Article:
Chicago Chef Offers Food and Hope to Impoverished YouthOct 31, 2022 ● By Bob Benenson
Chef Sebastian White of The Evolved Network does food prep for his culinary demonstration in Chicago on October 8.. Photo credit Bob Benenson.
There are nonprofit organizations that work to encourage young people from underserved communities to pursue careers related to food. There are also nonprofits that provide counseling and therapy for young people that have been challenged by poverty, crime and other social ills. Now there is a nonprofit, started in 2021 on Chicago’s South Side, that aims to do both. The Evolved Network is the brainchild of Sebastian White, a young chef and clinical psychologist.
In its current startup phase, the network is providing cooking classes in three Chicago schools for youth living in challenging circumstances. White is raising the organization’s visibility by conducting hands-on culinary demonstrations such as one on which he partnered with Gardeneers, a school gardening nonprofit, on October 8 at the Hangout Lighting events space; performing a chef demonstration at Green City Market on October 15; and a chef-collaboration dinner at UVAE Kitchen & Wine Bar, in the Andersonville neighborhood, on October 24.
White’s bold vision is to create Evolved Kitchen and Garden, a restaurant in Chicago with an onsite garden on which the young people in the program will work. The restaurant and garden will be the non-profit’s platform to teach its young charges about the benefits of farm-to-table eating while providing restaurant service training.
But that’s just the start. The plan also calls for providing individual and group therapeutic intervention and case management for participants, many of which have endured life-altering traumas. There will also be a curriculum to teach business management and financial literacy, which White says was influenced by the work of William White, his father.
“We’re using the culinary to discuss how you can create better connections with your peers, how you can heal from different things that we’re doing, or the different tasks that we’re doing,” White says. He grew up in Dallas, in a more fortunate environment than many of the young people he is trying to help. His father was a developmental psychologist; his Aunt Gwen and her garden first taught him about growing food.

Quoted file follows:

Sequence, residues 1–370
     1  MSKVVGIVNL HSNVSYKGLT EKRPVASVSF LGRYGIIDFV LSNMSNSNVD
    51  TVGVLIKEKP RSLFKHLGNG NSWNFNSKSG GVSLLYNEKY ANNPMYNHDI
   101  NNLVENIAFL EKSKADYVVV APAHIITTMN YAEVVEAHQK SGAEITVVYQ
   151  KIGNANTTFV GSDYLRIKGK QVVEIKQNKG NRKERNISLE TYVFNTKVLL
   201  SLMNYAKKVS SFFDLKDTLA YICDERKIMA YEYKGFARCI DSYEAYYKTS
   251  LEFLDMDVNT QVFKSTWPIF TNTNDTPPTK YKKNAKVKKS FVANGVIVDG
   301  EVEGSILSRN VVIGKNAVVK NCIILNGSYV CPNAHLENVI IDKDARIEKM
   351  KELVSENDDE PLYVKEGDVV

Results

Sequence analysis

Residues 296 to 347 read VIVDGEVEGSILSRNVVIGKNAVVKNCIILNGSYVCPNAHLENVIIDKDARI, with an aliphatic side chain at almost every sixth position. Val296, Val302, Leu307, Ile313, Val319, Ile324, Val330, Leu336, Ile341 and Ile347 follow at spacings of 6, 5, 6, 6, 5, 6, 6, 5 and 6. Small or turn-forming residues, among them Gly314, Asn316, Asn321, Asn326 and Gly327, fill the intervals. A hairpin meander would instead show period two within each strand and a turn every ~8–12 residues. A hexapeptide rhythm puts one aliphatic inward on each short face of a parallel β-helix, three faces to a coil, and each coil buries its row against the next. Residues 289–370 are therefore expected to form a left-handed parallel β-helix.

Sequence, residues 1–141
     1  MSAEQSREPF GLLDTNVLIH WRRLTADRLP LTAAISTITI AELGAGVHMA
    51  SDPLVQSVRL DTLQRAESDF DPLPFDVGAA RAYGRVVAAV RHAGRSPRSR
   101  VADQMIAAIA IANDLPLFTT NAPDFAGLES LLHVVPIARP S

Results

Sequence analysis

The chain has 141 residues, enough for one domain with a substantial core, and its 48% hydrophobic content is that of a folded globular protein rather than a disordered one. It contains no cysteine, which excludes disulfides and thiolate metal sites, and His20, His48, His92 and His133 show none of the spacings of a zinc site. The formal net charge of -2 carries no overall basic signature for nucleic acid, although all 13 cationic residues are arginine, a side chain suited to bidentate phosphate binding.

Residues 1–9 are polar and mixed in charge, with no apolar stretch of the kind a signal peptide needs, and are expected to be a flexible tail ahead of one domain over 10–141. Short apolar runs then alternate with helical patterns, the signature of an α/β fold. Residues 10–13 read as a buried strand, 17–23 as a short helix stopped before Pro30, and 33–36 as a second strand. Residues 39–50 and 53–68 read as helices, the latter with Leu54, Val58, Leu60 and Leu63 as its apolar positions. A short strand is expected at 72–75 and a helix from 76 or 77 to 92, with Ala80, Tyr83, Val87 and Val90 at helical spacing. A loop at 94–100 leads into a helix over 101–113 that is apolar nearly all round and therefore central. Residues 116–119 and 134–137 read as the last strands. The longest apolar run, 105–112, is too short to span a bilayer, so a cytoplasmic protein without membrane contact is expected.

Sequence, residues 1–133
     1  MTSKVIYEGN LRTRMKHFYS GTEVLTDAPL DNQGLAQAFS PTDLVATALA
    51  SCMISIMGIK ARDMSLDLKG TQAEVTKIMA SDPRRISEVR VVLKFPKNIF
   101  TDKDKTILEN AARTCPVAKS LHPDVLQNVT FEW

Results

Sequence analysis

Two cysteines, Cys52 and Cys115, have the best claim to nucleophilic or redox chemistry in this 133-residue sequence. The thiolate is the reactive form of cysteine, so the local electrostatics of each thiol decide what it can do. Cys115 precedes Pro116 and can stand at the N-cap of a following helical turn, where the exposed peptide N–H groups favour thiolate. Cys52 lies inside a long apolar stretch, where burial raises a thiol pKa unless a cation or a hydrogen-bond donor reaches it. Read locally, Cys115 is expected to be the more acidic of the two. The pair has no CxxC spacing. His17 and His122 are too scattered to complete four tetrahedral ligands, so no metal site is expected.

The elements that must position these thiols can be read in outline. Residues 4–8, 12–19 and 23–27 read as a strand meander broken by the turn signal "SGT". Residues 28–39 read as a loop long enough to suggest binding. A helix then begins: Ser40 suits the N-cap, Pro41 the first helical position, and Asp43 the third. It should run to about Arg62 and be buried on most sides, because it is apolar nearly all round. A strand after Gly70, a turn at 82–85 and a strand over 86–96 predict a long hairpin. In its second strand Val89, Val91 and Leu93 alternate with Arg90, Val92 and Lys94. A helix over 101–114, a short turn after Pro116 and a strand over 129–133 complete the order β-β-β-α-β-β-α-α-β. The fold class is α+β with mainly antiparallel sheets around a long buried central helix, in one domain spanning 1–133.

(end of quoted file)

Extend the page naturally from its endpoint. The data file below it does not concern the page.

He learned how to cook watching his mother. “From the age of 5, I remember seriously making my breakfast before school and standing up on the counter watching her cook dinner,” White says. “It was just me and her. My mom was busy working and had other things to do, so food’s always been a part of my life in that way.”
After graduating from Trinity College, in Hartford, Connecticut, in 2012, he first taught at a Montessori school in the Washington, D.C. area, then came to Chicago to pursue his master’s degree in clinical psychology at The Chicago School of Professional Psychology. His first postgraduate job, starting in 2017, was as a gang intervention therapist working with vulnerable youth in Waukegan for the Community Youth Network Counseling Center, based in Grayslake.
“If you get the kids in high school, it’s too late,” White explains. “We decided to focus on middle schools within a district. A lot of my work was with kids who were either on the edge of being in [gangs]; some had been in already. We talked through that decision and that choice. I wouldn’t focus on it, but I would help them try to explore what their lifestyle is really like and if that’s something that they truly want.” He notes, “It’s interesting—all of the kids that I worked with that were in regretted it, and they all would tell it all the other kids, ‘If you’re not serious about this, you don’t want this life.’”
White found the work fulfilling, but pivoted to seeking an even greater purpose after the (non-COVID-related) deaths in early 2020 of two of the people most important to him: his Aunt Gwen, who he describes as a second mother, and his father. “I hate that that had to happen for me to figure out what I was supposed to be doing,” he says. “Everything’s clear. And it’s really cool that I can try to keep them alive through my work. And that’s my goal. That’s what drives me and gets me up every day.”
The garden space at Evolved Kitchen and Garden will be named “Gwen’s Garden” after his aunt. White said her acre-and-a-half growing space was where he learned to appreciate the farm-to-table concept. “We’d just walk through our garden and cut stuff,” he recalls. “That was therapeutic and powerful for me. And not only was it better for you, it tastes better—you just improve everything.”
White says part of his mission is to break a vicious
cycle in which underprivileged kids believe that they are only supposed to eat
cheap, less-healthy food. “Those stereotypes also impact how they feel about
themselves, ‘I am less worthy, so I eat this … The rich eat this, I am poor, I
must eat this.’ And that doesn’t have to be the case.”
Bob Benenson is publisher and writer of Local Food Forum, a newsletter that covers all aspects of the local food community in the Chicago region. He can be contacted at [email protected].